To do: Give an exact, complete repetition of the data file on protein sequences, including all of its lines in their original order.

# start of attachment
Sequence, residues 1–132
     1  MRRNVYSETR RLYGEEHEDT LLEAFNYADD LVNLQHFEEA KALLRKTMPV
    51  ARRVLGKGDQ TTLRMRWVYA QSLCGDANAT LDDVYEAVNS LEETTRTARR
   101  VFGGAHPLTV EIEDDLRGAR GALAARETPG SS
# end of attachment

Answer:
Sequence, residues 1–132
     1  MRRNVYSETR RLYGEEHEDT LLEAFNYADD LVNLQHFEEA KALLRKTMPV
    51  ARRVLGKGDQ TTLRMRWVYA QSLCGDANAT LDDVYEAVNS LEETTRTARR
   101  VFGGAHPLTV EIEDDLRGAR GALAARETPG SS